⇢ Big Pine Lakes Trail (13mi) loop in the John Muir Wilderness. The backpacking trip that we decided on, an epic alpine lake trail.
⇢ Little Lakes Valley to Gem Lakes (7.2mi) out and back in the John Muir Wilderness south of Bishop near Independence.
⇢ Kearsarge Pass Trail to Kearsarge Lakes (11mi) out and back near Independence in the John Muir Wilderness.
There are also numerous day hikes you can do in this area and the area has something for just about anyone. Rainbow Falls in Devils Postpile National Monument (6mi), Crystal Lake Trail (3.1mi), and Rancheria Falls (4.1) being some of the most popular.
Check out my Backpacking page to search for more great backcountry options in the Sierra.
Best Things to do in the Eastern Sierra
Ancient Bristlecone Pine Forest: Home to the oldest trees in the world, the Bristlecone Pines. One heck of a drive out of the way from the main drag of the 395, but a very cool stop if you have down time to fill!
Mammoth/Bishop Hot Springs: There are so many hot springs in this area, you can find something for just about anyone. Some hot springs are different temperatures and vary in size. I really enjoy WhimseySoul’s blog post and illustration about the hot springs and where to find them.
Rock Climbing at Happy/Sad Boulders or Buttermilk Boulders: A classic rock climbing spot with spectacular views. Bring your crash pad and you’ll have an entire days worth of boulders
Movie Road: Perfect for the family, a short drive, or taking photos!
June Lake Brewing: We recommended the Brew-nicorn.
Erik Schat’s Bakery: World famous, and even more locally famous, bakeshop with a plethora of goodies
Mammoth Gear Exchange (Bishop): A great place for outdoor enthusiasts who want good, used recreation gear! They’ve got just about anything and if you search hard, you may find an awesome deal.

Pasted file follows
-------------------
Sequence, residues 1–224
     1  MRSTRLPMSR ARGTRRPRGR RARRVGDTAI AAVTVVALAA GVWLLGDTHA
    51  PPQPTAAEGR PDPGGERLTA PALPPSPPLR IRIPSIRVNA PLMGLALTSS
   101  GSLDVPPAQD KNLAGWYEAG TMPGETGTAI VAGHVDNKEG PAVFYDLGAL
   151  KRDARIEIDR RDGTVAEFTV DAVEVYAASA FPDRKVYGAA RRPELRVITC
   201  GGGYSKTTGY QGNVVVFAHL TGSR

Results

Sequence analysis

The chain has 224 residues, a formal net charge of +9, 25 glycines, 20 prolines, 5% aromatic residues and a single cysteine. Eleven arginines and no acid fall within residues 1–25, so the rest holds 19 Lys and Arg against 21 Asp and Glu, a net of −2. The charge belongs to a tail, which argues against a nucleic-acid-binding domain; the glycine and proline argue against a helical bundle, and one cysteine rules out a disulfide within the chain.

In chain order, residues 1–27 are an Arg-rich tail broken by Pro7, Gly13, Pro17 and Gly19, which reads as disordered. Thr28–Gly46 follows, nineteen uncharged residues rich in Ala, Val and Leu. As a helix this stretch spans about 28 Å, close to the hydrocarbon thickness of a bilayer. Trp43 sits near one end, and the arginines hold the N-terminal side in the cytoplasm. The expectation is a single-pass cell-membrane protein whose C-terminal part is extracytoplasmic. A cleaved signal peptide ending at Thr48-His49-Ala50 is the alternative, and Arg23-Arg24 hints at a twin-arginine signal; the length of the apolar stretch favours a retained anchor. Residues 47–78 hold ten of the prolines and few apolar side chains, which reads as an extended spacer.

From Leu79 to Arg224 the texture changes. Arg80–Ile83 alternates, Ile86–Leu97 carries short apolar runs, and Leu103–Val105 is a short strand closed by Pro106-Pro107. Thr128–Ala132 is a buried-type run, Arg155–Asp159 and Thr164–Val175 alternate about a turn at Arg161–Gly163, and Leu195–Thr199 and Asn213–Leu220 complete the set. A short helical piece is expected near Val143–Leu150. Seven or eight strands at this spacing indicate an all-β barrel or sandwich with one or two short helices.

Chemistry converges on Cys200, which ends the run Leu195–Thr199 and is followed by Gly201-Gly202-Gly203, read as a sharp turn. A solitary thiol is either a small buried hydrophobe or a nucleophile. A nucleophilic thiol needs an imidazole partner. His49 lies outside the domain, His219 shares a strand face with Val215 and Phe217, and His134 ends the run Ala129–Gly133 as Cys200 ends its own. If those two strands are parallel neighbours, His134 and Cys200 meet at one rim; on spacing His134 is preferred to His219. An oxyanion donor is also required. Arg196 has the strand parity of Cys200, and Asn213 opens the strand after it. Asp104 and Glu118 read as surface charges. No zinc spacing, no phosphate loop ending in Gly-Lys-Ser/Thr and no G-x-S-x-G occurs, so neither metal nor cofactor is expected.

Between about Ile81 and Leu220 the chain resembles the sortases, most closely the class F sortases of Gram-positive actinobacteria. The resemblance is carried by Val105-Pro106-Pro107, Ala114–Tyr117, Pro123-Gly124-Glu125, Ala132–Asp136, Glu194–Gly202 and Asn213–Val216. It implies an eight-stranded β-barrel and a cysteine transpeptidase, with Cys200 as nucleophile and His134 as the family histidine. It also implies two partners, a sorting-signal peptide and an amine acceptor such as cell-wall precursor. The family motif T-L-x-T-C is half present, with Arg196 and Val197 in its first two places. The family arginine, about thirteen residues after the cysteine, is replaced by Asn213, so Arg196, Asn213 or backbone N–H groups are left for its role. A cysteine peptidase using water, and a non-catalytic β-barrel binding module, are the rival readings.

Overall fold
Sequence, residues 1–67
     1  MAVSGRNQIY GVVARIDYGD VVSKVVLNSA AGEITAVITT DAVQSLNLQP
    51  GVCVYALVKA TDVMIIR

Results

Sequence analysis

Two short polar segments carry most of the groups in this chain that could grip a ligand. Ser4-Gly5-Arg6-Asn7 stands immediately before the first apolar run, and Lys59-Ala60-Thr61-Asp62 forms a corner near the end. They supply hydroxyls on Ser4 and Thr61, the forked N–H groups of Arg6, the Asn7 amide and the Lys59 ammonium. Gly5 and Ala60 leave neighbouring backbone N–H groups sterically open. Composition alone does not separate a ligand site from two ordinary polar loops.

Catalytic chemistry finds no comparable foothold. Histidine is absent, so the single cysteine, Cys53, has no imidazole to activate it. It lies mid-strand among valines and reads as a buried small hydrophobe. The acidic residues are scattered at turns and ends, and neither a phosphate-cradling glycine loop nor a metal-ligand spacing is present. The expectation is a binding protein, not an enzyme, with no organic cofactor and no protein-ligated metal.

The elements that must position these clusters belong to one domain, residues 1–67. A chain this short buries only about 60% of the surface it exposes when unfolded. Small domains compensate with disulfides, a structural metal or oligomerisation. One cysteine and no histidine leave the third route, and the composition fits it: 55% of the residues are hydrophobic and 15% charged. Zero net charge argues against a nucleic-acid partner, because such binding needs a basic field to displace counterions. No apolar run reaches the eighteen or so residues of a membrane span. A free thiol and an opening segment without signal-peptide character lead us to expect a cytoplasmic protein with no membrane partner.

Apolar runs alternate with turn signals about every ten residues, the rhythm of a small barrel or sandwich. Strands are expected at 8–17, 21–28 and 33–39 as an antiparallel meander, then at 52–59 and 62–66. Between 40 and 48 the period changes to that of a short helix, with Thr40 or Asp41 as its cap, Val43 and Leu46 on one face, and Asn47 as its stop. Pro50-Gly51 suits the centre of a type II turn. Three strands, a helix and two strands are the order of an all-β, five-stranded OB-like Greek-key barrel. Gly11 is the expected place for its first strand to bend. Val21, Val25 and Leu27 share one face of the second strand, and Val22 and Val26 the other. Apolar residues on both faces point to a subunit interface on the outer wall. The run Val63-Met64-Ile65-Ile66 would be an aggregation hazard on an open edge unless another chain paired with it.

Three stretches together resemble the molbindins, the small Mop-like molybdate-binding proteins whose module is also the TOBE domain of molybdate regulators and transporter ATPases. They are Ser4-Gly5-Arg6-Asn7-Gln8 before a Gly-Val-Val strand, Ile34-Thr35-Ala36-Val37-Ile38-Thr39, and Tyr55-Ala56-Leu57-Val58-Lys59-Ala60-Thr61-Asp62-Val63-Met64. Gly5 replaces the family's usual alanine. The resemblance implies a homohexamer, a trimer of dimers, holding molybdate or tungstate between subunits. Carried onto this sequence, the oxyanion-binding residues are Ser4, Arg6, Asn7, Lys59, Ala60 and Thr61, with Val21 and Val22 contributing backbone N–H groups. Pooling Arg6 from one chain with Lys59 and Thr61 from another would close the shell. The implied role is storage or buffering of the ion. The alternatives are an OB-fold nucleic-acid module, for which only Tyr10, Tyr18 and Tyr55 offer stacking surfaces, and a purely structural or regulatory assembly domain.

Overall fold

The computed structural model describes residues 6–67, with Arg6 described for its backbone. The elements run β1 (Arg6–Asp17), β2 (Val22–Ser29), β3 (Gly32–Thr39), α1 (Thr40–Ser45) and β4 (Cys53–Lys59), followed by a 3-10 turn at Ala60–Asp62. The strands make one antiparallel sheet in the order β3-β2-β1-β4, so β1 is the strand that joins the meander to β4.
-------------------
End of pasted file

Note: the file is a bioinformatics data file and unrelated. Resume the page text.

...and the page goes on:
Black Sheep Coffee Roasters (Bishop): A coffee stop where dirt bag meets hipster (in a really good way)
Black Velvet Coffee (Mammoth Lakes): A great coffee shop with their own roasts and great vibes
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① June Lake & June Lake Brewing
② Crowley Lake
③ Hot Springs Area
④ Inyo National Forest
⑤ Little Lakes Valley to Gem Lakes Trailhead
⑥ Buttermilk Bouldering & Dispersed Camping
⑦ Ancient Bristlecone Pine Forest
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⑧ Town of Bishop
⑨ Coyote Flats
⑩ Big Pine Lakes Trailhead
⑪ Kearsarge Pass Trailhead
⑫ Alabama Hills Recreation Area & Movie Road
⑬ Whitney Portal Road & Trailhead
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You can find more resources about the Sierra Nevada’s at the Bishop Visitors Information, Recreation.gov, and the Forest Service websites.
Beautiful pictures! We actually did the same route in reverse on bikes over memorial day weekend and it was awesome! But three days is not enough time to actually explore. Looking forward to going back again now that I have all those wilderness permits 😀
Nice! I bet that bikepacking this would be epic! Three days definitely does not do it justice but I’m sure a few more in the wilderness will start to!